Differences in degree, differences in kind: Characterizing lung injury in trauma

Benjamin M. Howard, Lucy Z. Kornblith, Carolyn M. Hendrickson, Brittney J. Redick, Amanda S. Conroy, Mary F. Nelson, Rachael A. Callcut, Carolyn S. Calfee, Mitchell Jay Cohen

Research output: Contribution to journalArticlepeer-review

Abstract

BACKGROUND: Acute lung injury following trauma remains a significant source of morbidity and mortality. Although multiple trauma studies have used hypoxemia without radiographic adjudication as a surrogate for identifying adult respiratory distress syndrome (ARDS) cases, the differences between patients with hypoxemia alone and those with radiographically confirmed ARDS are not well described in the literature. We hypothesized that nonhypoxemic, hypoxemic, and ARDS patients represent distinct groups with unique characteristics and predictors. METHODS: Laboratory, demographic, clinical, and outcomes data were prospectively collected from 621 intubated, critically injured patients at an urban Level 1 trauma center from 2005 to 2013. Hypoxemia was defined as PaO2/FIO2 ratio of 300 or lower. ARDS was adjudicated using Berlin criteria, with blinded two-physician consensus review of chest radiographs. Group comparisons were performed by hypoxemia and ARDS status. Logistic regression analyses were performed to separately assess predictors of hypoxemia and ARDS. RESULTS: Of the 621 intubated patients, 64% developed hypoxemia; 46% of these hypoxemic patients developed ARDS by chest radiograph. Across the three groups (no hypoxemia, hypoxemia, ARDS), there were no significant differences in age, sex, or comorbidities. However, there was an increase in severity of shock, injury, and chest injury by group, with corresponding trends in transfusion requirements and volume of early fluid administration. Outcomes followed a similar stepwise pattern, with pneumonia, multiorgan failure, length of intensive care unit stay, number of ventilator days, and overall mortality highest in ARDS patients. In multiple logistic regression, early plasma transfusion, delayed crystalloid administration, body mass index, and head and chest injury were independent predictors of hypoxemia, while head and chest injury, early crystalloid infusion, and delayed platelet transfusion were independent predictors of ARDS. CONCLUSION: Hypoxemia and ARDS exist on a spectrum of respiratory dysfunction following trauma, with increasing injury severity profiles and resuscitation requirements. However, they also represent distinct clinical states with unique predictors, which require directed research approaches and targeted therapeutic strategies.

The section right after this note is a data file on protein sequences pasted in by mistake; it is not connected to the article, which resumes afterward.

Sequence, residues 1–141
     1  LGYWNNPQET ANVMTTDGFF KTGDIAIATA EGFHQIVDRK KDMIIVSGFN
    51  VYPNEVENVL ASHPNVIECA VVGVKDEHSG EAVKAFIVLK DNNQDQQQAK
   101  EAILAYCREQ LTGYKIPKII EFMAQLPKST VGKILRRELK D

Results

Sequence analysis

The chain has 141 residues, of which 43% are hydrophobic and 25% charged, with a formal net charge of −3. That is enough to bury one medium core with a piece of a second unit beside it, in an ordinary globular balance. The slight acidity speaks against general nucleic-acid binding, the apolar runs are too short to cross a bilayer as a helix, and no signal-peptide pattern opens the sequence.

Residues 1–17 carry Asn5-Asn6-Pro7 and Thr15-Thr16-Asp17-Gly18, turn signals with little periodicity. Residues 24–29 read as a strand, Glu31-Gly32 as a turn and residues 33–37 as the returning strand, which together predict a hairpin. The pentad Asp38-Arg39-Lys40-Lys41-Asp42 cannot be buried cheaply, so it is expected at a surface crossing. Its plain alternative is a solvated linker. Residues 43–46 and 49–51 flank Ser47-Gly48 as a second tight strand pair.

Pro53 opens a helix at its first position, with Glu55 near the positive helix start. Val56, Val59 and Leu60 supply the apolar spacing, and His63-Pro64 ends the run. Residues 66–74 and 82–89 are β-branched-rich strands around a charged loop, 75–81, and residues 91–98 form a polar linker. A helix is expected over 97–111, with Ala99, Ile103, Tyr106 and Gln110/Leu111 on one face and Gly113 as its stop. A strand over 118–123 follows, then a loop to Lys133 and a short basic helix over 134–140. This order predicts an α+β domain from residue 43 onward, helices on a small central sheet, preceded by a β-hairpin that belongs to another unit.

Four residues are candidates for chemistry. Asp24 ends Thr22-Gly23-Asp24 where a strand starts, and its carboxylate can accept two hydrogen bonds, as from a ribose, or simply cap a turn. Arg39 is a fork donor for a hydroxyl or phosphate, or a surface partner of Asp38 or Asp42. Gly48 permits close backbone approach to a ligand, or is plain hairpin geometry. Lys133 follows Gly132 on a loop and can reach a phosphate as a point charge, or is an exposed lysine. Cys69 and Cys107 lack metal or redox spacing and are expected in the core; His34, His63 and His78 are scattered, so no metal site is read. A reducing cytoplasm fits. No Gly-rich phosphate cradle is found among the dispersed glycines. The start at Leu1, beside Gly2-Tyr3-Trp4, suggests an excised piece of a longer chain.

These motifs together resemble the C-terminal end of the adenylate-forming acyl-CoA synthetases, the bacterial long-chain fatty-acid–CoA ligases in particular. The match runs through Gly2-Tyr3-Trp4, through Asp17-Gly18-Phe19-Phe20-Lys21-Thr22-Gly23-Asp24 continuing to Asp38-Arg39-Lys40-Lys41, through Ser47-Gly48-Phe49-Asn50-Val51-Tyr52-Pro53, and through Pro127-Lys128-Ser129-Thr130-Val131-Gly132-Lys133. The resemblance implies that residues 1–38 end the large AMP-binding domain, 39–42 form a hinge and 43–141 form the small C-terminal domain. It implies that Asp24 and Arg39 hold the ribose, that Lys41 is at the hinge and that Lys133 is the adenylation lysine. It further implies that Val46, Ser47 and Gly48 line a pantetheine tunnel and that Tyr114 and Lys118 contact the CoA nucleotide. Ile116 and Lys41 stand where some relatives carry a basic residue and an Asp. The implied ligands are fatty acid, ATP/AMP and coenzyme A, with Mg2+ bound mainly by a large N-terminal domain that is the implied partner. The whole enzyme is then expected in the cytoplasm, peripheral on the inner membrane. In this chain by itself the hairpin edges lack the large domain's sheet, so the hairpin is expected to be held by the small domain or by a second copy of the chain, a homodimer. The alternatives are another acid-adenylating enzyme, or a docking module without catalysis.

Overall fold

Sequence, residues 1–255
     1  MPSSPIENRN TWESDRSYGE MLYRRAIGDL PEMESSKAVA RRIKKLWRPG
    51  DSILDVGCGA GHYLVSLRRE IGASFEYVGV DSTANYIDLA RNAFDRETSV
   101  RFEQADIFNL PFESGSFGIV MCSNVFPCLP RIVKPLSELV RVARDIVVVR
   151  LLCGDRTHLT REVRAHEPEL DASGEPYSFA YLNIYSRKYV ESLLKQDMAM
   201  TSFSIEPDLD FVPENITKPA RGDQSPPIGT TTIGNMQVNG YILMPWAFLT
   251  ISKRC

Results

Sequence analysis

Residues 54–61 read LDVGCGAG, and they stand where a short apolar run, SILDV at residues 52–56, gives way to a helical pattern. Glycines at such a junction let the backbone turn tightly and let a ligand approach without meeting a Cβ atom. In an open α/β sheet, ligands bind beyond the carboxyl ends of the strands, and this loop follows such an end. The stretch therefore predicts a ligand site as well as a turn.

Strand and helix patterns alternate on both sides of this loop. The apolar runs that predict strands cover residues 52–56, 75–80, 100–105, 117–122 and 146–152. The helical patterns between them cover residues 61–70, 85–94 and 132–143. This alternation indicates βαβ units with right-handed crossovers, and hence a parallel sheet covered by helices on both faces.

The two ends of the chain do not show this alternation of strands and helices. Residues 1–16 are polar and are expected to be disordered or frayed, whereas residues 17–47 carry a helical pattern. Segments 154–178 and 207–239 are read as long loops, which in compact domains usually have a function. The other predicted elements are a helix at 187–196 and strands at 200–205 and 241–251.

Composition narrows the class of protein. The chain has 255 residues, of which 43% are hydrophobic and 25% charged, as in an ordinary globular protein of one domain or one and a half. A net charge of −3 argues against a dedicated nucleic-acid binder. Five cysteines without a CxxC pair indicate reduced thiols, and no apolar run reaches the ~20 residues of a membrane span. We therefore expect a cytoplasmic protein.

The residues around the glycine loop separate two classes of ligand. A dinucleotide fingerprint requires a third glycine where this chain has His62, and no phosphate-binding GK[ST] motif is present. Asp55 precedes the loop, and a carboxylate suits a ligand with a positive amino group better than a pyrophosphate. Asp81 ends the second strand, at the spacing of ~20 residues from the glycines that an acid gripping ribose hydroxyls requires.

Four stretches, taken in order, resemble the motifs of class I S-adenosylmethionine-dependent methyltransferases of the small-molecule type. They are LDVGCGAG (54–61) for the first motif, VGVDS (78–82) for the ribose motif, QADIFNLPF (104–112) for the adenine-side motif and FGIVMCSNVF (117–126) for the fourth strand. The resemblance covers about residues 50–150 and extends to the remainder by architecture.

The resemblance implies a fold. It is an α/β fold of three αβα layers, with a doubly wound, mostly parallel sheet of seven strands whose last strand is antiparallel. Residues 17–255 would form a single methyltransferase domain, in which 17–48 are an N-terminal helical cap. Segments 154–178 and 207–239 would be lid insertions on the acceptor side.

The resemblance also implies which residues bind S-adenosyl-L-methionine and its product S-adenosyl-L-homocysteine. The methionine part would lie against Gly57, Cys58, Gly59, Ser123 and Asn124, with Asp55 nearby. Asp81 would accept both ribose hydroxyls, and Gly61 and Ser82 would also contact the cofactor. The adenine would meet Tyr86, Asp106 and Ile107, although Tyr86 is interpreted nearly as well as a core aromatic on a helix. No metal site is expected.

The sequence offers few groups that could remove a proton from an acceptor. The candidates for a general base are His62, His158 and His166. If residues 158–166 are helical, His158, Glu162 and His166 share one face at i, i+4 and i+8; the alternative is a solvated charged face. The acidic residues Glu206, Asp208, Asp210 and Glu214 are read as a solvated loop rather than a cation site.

Original languageEnglish (US)
Pages (from-to)735-741
Number of pages7
JournalJournal of Trauma and Acute Care Surgery
Volume78
Issue number4
DOIs
StatePublished - Apr 4 2015
Externally publishedYes

Keywords

  • ARDS
  • crystalloid
  • hypoxemia
  • lung injury
  • platelet transfusion

ASJC Scopus subject areas

  • Surgery
  • Critical Care and Intensive Care Medicine

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